Whatever you’re training for—5k, 10k, half marathon, ultra, an active life—it is essential you fuel your body properly. What to eat before running is one of the most common questions beginner through to experienced runners ask. If you’re a beginner, you haven’t cemented your routine to know what to eat before running. Experienced runners are often looking to fine tune their diet to get the most of their runs. Running on an empty stomach or a belly full of the “wrong” thing can make you end your run short from cramps, lack of energy or a headache.
The important thing to note here is that there is no silver bullet, no superfood that works for everyone. There are best practices, and that includes parameters outside of the actual food, like timing, energy source and what to eat. Finding what works best for you is like uncovering a secret. You’ll know what to eat before running once you’ve discovered a snack or meal that works for you. Once you figure it out, stick to your routine. Best case scenario is that you will find several things you like to eat before running. This way if you’re out of town for a race and you can’t access that bread and cashew butter you like, there’s no need to panic.
When to eat?
When to eat before running can be just as important as what to eat before running. Again, all runners are different. You need to experiment with your routine to see what is best for your body. Some runners like to eat 15-20 minutes before they hit the road, while others need a few hours to digest. Since many races are early in the morning, it’s likely ideal if you can get into the habit of eating an hour or less before you lace up. Try to determine how close to your run you can eat. In general, the bigger the meal, the more time you’ll need to digest. If you’re talking about a meal, two hours or more is a good guess, whereas many runners do small snacks with a much smaller window.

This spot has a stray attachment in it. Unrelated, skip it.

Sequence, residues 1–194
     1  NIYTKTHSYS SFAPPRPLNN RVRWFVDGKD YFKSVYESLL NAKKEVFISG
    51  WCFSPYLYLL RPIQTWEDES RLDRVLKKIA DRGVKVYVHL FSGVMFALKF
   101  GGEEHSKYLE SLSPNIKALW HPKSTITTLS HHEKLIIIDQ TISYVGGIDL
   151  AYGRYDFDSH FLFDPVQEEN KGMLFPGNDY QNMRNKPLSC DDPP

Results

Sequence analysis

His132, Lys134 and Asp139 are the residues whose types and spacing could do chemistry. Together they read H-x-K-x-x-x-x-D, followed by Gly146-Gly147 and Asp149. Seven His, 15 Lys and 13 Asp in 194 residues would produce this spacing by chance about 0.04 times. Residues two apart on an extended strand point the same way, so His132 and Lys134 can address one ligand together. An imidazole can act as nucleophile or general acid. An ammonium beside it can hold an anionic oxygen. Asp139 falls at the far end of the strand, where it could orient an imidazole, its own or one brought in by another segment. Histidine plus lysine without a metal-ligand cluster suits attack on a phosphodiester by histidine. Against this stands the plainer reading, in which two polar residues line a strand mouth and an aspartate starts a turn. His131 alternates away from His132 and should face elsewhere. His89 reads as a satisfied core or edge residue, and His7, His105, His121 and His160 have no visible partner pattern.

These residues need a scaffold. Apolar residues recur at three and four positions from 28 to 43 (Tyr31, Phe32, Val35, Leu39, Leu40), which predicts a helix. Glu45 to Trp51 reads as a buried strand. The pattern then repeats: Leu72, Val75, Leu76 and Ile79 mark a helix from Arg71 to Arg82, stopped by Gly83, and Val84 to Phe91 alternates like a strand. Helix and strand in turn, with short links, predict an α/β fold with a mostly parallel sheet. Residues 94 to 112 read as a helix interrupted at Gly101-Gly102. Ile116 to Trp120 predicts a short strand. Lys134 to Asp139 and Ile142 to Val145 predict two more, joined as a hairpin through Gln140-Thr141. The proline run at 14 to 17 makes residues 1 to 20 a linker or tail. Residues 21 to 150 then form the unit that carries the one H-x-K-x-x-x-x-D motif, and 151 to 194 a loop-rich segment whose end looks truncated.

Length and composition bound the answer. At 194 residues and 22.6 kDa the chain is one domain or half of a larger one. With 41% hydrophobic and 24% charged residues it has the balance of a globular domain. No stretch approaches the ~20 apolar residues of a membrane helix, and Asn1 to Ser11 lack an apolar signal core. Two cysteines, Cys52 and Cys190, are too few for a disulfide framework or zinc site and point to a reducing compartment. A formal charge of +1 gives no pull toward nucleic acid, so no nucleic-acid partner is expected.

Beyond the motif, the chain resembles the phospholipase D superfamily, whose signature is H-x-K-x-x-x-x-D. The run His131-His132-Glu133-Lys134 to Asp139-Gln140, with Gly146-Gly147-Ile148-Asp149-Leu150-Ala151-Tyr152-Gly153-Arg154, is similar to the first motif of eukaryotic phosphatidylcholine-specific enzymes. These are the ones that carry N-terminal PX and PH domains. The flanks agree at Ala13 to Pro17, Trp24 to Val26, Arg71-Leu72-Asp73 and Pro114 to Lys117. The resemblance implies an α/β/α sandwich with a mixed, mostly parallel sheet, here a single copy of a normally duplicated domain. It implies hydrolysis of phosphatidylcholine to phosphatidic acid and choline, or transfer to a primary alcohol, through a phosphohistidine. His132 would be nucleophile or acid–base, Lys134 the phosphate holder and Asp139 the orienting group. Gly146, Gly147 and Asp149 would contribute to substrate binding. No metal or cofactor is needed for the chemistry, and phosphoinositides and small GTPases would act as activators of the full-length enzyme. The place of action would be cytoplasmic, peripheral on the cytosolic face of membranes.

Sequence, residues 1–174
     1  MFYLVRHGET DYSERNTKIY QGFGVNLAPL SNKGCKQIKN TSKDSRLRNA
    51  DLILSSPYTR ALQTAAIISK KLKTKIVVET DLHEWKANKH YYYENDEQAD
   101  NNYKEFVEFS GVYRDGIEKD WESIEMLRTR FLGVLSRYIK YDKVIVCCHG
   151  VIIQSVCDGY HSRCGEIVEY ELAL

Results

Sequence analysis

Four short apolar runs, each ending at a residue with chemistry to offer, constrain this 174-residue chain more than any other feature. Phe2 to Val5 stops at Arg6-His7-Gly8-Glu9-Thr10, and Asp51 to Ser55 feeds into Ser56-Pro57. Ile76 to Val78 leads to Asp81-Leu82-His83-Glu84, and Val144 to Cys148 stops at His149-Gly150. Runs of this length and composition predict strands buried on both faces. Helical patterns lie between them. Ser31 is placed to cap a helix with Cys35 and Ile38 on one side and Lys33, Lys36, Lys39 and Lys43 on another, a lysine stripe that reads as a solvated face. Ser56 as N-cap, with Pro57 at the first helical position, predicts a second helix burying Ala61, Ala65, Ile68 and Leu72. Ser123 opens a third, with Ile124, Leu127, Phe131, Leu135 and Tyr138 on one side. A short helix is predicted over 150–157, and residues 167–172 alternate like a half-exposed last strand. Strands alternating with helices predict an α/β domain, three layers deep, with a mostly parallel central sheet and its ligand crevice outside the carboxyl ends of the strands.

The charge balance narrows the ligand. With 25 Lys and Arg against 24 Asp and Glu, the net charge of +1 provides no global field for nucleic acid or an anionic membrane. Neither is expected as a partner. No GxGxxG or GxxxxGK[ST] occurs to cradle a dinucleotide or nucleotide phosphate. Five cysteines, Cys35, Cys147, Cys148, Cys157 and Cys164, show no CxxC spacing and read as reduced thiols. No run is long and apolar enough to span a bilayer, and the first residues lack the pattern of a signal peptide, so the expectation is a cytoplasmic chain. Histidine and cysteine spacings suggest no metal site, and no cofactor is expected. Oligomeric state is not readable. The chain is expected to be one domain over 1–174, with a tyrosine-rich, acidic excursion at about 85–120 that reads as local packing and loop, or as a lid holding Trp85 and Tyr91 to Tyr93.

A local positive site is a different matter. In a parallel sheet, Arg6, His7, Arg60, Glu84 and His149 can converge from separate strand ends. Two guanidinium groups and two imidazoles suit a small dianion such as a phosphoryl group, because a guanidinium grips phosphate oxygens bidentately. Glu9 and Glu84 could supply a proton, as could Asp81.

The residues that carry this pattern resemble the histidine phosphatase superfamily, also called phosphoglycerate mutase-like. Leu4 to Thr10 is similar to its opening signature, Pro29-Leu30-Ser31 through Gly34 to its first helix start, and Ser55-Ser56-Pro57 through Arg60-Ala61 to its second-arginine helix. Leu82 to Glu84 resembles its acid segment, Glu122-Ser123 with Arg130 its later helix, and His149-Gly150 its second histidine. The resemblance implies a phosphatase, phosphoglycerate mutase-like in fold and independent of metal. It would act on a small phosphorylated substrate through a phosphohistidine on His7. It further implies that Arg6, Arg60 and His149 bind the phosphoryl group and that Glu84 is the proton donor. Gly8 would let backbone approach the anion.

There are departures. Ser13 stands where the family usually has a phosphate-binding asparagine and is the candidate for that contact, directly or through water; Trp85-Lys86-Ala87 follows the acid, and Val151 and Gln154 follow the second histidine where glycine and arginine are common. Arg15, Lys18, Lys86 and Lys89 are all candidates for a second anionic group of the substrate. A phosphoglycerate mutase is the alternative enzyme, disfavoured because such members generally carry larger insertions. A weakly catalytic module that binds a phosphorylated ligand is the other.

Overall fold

You can determine your ideal time by doing some of your own experimenting. Try having your meal or snack an hour before you run and write down how you feel. Move that time around to closer and further away from your run, recording how you feel each time. After collecting a month or so worth of data, determine the timeline that is best for you.
Carbs vs Fats
When you’re doing long runs or intense workouts, it is essential to eat before your run, and sometimes even during. During harder training sessions and races, your body uses carbohydrates as its main energy source. Since your body can only store a fairly small amount of carbs, it is important to keep that supply topped up. During low intensity exercises like jogging or walking, your body burns fat as its main energy source, so something high in protein is better than a carbohydrate.
What to eat before running
If you can, plan to eat before a harder training session. In this instance, your body needs fuel from carbs. On days where you are doing lighter, low intensity training, something protein-packed is your best option. If you need to skip the snack altogether before a lighter training session, that is ok for some runners, too.
Some snack ideas before a run:
- Slice of whole wheat toast with nut butter
- Banana and some cashews
- Pretzels and hummus
- Energy bars
- Small serving of oatmeal
- Greek yogurt with nuts or granola
- Berries and cottage cheese
- Figs or dates
- Deli turkey meat and some vegetables
While running does give you a little more freedom in your diet, many runners overestimate the carbs they need to complete runs under an hour in length. Everyone is different, but the average person has enough glycogen stored in their muscles to run for something like two hours. Unless you’re looking at distances like the half marathon or above, it’s unlikely that you need to carbo-load the night before your run, or to fuel up with a goo at the halfway mark.
Look for foods that your body finds easily digestible, and avoid fatty or high fiber foods. These take longer to digest and can be felt long into your run. The perfect pre-running snack is a mix of carbs and protein, depending on the intensity.
Talk to someone about your distances, goals and experience to get the best insight as to what will work for you. Our run clinics feature guests from health fields, including a dietician. This is a great chance to ask questions about what to eat before running as it pertains to you.